AgileDave profile picture
The complaint about test kits is odd, or political. In '73 test kits would have been impossible, and even with today's technology it takes time to analyze a new pathogen and construct a test. They actuallu had a test early but it was unreliable. As soon as they got it right the labs started mass producing them. Maybe those who complain should put on a lab coat and lend a hand. But I suspect most of the complainers don't know how. Or are just political. Heard a comical rant by Bloomburg before he quit, complaining that the president is not a scientist(!!) I wonder what science credentials Bloomburg has? And why he expects the president to be a scientist? We have plenty of real scientists working on it. More wouldn't help. Not having exported our production capabilities probably would help. But we'll be fine. Don't panic. And don't be political.
Investor since ‘73 profile picture
S&P closed nicely above the 2880 level.
Buy TBT here.
Active_Trader profile picture
Great day it is.
Friends, I trust you are all heavily invested long and strong TVIX for stellar profits. Fact re due diligence.

Coronavirus, there is no cure, www.worldometers.info/...

Friends, this is a must read for stellar TVIX profits at:


Government stimulus, rate cuts, payroll tax cuts, political elections, etc., mean jack. 

Liars figure. Figures lie.

A vaccine, which is years away if ever, is required. 

MRGA Make Recessions Great Again.

Carry on shorting oil and stock markets at large. 

Thank dog that I am here to help. 

Cheers, Active Trader,


Feel free to share with others and follow me for profits.

$TVIX $DWT and more ....
lintervvv profile picture
tvix: down 13% today
dwt: down 23% today.
glad i didn't hop on yesterday's parabolic rise!
Interesting, you are pushing TVIX as some investment vehicle.
TVIX is a 2x daily ETN (DAILY), but if you use it as investment then you may want to learn to what happened to TVIX holders back in 2012.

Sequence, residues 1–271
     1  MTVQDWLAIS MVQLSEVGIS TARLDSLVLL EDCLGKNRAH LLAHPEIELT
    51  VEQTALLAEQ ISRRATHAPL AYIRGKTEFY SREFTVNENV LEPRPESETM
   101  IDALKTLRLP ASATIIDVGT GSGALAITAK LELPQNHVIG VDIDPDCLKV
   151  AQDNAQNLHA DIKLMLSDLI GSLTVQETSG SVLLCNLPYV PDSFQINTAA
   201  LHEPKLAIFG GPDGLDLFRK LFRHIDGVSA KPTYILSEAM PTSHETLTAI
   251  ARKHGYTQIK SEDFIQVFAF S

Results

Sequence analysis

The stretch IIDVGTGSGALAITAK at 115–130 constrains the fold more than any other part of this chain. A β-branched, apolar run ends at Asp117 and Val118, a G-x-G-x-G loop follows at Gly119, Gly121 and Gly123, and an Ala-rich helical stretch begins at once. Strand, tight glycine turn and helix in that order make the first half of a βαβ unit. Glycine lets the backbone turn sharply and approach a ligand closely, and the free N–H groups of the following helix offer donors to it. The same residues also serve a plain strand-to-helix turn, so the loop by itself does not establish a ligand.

pebble16x profile picture
active trader: "Coronavirus, there is no cure"

I don't think it's a matter of whether there is a "cure". Anymore than there's a "cure" for the flue. It's a matter of "avoidance" more than a "cure"

And that "avoidance" boils down to getting the shot for it.

Do you think that the development of that avoidance shot is out of the question?
Looks like devils at the central banks decided to play a chart game called "measured move". Because who else.
Its not a Bear Market, Its just a crash. Im a buyer
This bear market was not typical say the talking heads.
Caught everyone off guard....even the Perma bears.
Of course, there will be those that will say: I said this would happen. All ready on Bloomberg these portfolio experts are coming forth with I predicted this. Sure, they knew many months ago the coronavirus contagion would be upon us? They knew OPEC would fall apart?

401K voters will have second thoughts about future payroll deductions?

If the market does not rebound soon, the ordinary investor will stay away until their portfolios
have a meaningful rebound. And with a money market with near ZERO return, many will say I will keep my cash.
Otter Investment profile picture